It’s amazing, but on their seventh studio release, The Roots produced their best album. Clocking in at under an hour, Game Theory is a thrilling ride through the psyche of America circa the middle of the decade. This is a political album, and as such, The Roots seemingly channel Public Enemy (whom they also interpolate into the album.) Game Theory is an album of righteous fury and frustration. Yet, it’s still an album full of beats that demand head nodding. Malik B returns and Dilla is mourned. For all of the grief that the country suffered through with eight years of G-Dub, including the Patriot Act, Game Theory almost makes it worth it.
De La Soul – The Grind Date (2004)
The Grind Date is a De La Soul anomaly; it has no skits, no goofing off and few guests. It’s also De La’s best album of the decade, and that’s counting the extremely strong AOI series. The Grind Date derives its strength from the complete and utter lack of filler. No songs need to be skipped and every bar is relevant. Here De La Soul is like the Al Gore of hip-hop; they point out what’s happening, why it’s wrong and do their best to correct it.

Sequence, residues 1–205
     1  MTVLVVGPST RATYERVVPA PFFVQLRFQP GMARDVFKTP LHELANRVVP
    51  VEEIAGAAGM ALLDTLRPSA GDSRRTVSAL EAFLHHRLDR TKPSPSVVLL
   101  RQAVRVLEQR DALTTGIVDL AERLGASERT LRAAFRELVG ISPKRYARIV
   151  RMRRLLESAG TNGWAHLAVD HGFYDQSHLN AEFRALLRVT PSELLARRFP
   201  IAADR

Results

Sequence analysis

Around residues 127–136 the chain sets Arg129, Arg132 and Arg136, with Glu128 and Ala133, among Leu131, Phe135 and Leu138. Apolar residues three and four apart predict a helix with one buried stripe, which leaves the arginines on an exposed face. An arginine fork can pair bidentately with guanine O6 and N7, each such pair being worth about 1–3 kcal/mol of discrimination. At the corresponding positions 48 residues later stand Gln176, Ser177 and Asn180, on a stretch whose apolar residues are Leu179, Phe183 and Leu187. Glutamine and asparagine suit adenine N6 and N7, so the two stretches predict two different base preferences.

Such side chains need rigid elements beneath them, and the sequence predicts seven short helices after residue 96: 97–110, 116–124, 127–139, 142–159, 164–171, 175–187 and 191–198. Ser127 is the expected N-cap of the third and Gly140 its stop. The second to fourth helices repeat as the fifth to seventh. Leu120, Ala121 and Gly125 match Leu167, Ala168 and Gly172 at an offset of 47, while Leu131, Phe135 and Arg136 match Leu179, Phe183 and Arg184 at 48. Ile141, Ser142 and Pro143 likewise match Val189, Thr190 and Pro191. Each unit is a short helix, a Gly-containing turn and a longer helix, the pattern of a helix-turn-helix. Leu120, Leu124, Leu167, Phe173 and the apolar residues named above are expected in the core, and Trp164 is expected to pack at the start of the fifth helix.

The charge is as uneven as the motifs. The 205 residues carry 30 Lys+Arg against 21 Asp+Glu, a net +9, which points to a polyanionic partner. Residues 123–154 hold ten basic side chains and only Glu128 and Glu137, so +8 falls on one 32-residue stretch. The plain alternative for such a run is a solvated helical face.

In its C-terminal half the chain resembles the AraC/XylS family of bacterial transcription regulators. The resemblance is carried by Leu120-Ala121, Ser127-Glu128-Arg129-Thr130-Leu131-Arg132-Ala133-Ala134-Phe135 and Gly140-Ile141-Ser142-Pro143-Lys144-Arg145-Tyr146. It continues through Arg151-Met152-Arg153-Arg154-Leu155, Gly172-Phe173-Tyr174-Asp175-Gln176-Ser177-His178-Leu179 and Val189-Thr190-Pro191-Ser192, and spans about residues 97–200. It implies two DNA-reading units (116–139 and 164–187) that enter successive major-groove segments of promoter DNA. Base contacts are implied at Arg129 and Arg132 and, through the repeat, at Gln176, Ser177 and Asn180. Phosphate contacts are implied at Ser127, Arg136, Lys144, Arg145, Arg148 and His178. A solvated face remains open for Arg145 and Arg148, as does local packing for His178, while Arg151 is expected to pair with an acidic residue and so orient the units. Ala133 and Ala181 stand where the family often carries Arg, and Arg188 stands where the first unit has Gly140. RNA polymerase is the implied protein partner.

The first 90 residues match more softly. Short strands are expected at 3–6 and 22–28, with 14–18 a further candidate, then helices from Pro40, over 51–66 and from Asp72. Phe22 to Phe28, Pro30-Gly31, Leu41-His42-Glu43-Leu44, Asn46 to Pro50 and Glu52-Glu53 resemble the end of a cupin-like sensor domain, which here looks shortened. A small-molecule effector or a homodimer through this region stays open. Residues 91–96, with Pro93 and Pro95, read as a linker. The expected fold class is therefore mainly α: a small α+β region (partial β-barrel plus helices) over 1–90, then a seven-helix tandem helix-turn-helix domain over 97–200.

Badly Drawn Boy – The Hour of the Bewilderbeast (2000)
This was the album of the decade. It’s a weird hodgepodge of musical influences and instruments that could only be found on a debut album. There’s also an innocence on Hour of the Bewilderbeast that’s refreshing. It’s almost as though Badly Drawn Boy didn’t know that albums weren’t supposed to sound like this; like he didn’t know the rules. It sounds like nothing else. It’s whimsical and fun and bounces from track to track, yet it also has pangs of lament and the occasional haunting tune. Badly Drawn Boy hasn’t made another album that’s come close to this career high point, which is both sad and a testament to how great this album is.
Sufjan Stevens – Illinois (2005)
This album is an adventure and almost an exercise in escapism. Stevens transports the listener to Illinois, which almost becomes mythical. He explores folklore and infamy with equal detail. The characters that he creates are just a real as the characters that he profiles. And it all happens over a lush backdrop of pop symphonies that never feels overdone.
Radiohead – Kid A (2000)
Kid A is as infamous as it is famous. It’s a genre-bending album that, even today, is still as murky in meaning as the day it was released. Yet even in Radiohead’s most prolific decade, Kid A impresses. The risks that were taken equal the accomplishment achieved, and those risks were extreme and uncalculated. Kid A seeming channeled the dread of a populace for whom the year 2000 wasn’t a mythical future, but a matter-of-fact present. It’s spooky and beautiful and occasionally rocks.